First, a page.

I was having difficulty making sense of what I was seeing. I pulled on pants, shoes, and a raincoat and ran the few blocks to the intersection of San Ysidro and East Valley roads. From there I estimated that the fire was a mile up the mountain. I noticed a few other people in rain gear — one person was running — and the streets were scattered with small branches and shallow mudflows. For me at the time, none of that registered as something catastrophic. At around 5 a.m., as the flames on the mountain died down, I went back to sleep.
We all woke up to the sound of low-flying helicopters racing back and forth between Santa Barbara and Montecito. The power was out, and water pressure was low. I grabbed a pen and notepad and power-walked in the rain to Montecito Fire headquarters. Deep eddies of mudflow covered parking lots and driveways and had knocked down signs and fencing and jostled parked cars. This is serious, I thought, but I had no idea that there were confirmed deaths and dozens still missing. At the fire department, everybody was on high alert, responding to literally hundreds of 9-1-1 calls and trying to make sense of the growing magnitude of the disaster.
As the rain died down mid-morning, we took the family car down San Ysidro Road, noticing that east-west arteries were either officially shut down with barricades or unnavigable because of deep mud littered with boulders and uprooted trees. It wasn’t until we made it to All Saints-by-the-Sea Episcopal Church, which had spontaneously transformed into a shelter and triage center, that death and loss started to sink in. People soaked in mud and carrying pets and backpacks were stumbling into the church parking lot, traumatized, some of them looking for lost family members.
With phone service spotty, I called in what information I could gather to my editors in the Independent’s downtown office. But overwhelmingly I felt stuck, rendered professionally inept by the mounting news — most of it bad — and torn between reporting the story, wanting to help the cold and scared, and keeping my family out of harm’s way.
The day after the storm, I texted Powell that I was willing and able to help look for the missing. He’d gotten a lot of texts like that. He told me what he told everybody else: Hold tight and let the search-and-rescue pros do their work — there’ll be plenty of time later to help dig out homes and vehicles. On the afternoon of January 11, when the Sheriff’s Office evacuated the whole of Montecito, my family and I packed up and moved into a downtown hotel. In the coming weeks, especially among the evacuated, I noticed that everybody I met was feeling as I was — exhausted and raw.
On January 26, the day after officials lifted evacuation orders throughout Montecito, Powell and his wife, Jessica Powell, fired off a few texts to friends, including Thomas and Linda Cole, and Powell posted on Facebook: “Do you need help digging out your house full of mud? We can help! Contact us – Santa Barbara Bucket Brigade: firstname.lastname@example.org.”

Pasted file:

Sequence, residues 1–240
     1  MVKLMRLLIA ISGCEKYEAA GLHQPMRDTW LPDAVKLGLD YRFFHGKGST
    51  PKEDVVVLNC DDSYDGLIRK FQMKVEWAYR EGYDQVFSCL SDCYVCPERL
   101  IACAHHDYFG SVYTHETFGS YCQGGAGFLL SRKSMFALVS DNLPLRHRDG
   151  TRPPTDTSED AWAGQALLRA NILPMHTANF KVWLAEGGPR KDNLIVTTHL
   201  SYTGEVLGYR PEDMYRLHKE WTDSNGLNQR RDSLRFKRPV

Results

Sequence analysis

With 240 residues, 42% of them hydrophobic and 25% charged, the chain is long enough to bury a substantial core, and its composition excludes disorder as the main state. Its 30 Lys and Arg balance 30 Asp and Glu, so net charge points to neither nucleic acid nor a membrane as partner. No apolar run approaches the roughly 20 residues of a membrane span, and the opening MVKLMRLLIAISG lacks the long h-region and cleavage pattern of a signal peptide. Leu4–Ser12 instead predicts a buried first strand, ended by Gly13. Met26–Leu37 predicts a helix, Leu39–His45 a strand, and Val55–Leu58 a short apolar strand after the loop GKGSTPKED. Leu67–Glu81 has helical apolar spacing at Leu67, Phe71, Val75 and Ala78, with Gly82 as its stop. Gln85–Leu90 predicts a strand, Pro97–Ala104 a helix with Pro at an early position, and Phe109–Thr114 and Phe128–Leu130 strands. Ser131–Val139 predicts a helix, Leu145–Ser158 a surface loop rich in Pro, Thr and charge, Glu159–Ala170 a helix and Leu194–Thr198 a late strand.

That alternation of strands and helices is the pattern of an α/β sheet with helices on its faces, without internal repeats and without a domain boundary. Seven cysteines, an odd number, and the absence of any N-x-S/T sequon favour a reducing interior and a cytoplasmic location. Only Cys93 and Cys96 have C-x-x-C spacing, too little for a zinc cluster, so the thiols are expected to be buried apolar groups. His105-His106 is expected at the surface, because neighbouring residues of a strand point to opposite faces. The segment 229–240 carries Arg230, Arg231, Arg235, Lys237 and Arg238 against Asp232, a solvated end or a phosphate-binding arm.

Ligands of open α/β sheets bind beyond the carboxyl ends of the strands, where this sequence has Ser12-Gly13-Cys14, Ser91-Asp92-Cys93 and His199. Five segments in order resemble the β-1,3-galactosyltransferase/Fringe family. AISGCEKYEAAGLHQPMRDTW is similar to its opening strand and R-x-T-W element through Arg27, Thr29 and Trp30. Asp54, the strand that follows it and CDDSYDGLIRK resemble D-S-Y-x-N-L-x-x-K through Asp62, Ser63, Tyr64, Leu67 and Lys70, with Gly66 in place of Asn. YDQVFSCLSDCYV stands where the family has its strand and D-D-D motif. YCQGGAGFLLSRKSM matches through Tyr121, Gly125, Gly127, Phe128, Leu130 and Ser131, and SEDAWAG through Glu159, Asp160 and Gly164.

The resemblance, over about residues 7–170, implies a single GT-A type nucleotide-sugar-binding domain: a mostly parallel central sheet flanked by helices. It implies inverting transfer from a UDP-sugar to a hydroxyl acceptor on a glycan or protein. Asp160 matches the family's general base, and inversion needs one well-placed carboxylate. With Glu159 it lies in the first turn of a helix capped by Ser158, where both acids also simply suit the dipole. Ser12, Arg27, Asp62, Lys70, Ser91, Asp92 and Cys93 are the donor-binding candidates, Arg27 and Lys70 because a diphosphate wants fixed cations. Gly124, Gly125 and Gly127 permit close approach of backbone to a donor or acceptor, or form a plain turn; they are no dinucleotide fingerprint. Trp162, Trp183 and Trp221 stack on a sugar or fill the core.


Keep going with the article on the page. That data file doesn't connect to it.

Eight hours later, they had 60 volunteers signed up for an all-day Sunday dig-out of a friend’s family home in the Oaks neighborhood. Within a month, the number of volunteers approached 2,000, including carloads from Ojai, Ventura, Monterey, and Los Angeles and a retired couple who had rerouted their cross-country road trip.
“I thought it might last a week,” Powell said recently. “But now it’s like, ‘Oh, shit! We’ve started a movement!’”
On another day of volunteering, this time at a red-tagged private residence near Riven Rock, my grief took the form of a badly damaged three-car garage. A flood of mud, acorns, branches, and boulders the size of curling stones had blown out one garage door and swirled inside with such density that both cars were afloat several feet from their proper parking spots. A structural post supporting a section of the garage was badly buckled, lending a dangerous fragility to a space strong with the smell of slow decay.
My mind was quick to relent: It’s too big a task. The sheer volume of mud weighed me down with doubt. And between me and that garage, there was an entire motor court filled with tree trunks, gnarled branches, railroad ties, windowed doors, heavy household appliances, and splintered lumber spiked with hidden nails. Fortunately, I wasn’t alone. We were a crew of six, and we waded in together with shovels, picks, and digging bars. Powell’s uncle, Anders Johnson, soon followed, operating a small skip loader with, as Powell likes to say, “wizard-level” precision. Growing up in the hills of Montecito, he learned how to help himself and others get out from under wildfires, El Niño floods, and Mountain Drive landslides. Johnson was quietly leading by example that morning, one big scoop at a time.
At midday, we sat on tailgates, chugged bottled water, and ate donated burritos and sandwiches made that morning by another crew of volunteers in a restaurant kitchen in town. After lunch, we stood in a circle as Thomas Cole, our crew leader, gave us a quick pep talk and site-safety refresher. Right before it was time to get back at it, a car pulled up the driveway. Out of the passenger side stepped an elderly woman — the widow of the gentleman who had died there on the morning of January 9. With her daughter holding her forearm, she walked to our circle, smiled at every single one of us, and said thank you. Time seemed to pause for a moment, as if to capture a still picture of all of us crying softly.
Back outside the garage, I grew concerned with the buckled post. It was unstable, and if it came down, a section of the building would collapse. After clearing much of the motor court, Johnson dragged both cars from the garage with a heavy chain fastened to his loader. We were getting ready to move inside, but first I needed to do something about that post. I climbed a nearby pile of trash lumber, fished out an eight-foot-long 4×4, and asked the widow’s son-in-law to cut it to 84 inches with his chainsaw. Then, hammering it with a 10-pound sledge, I wedged it vertically next to the buckled post, shoring up the damaged portion of the garage. I grabbed a shovel and got to work inside. I felt safer, and I think the others did too. We just needed some support.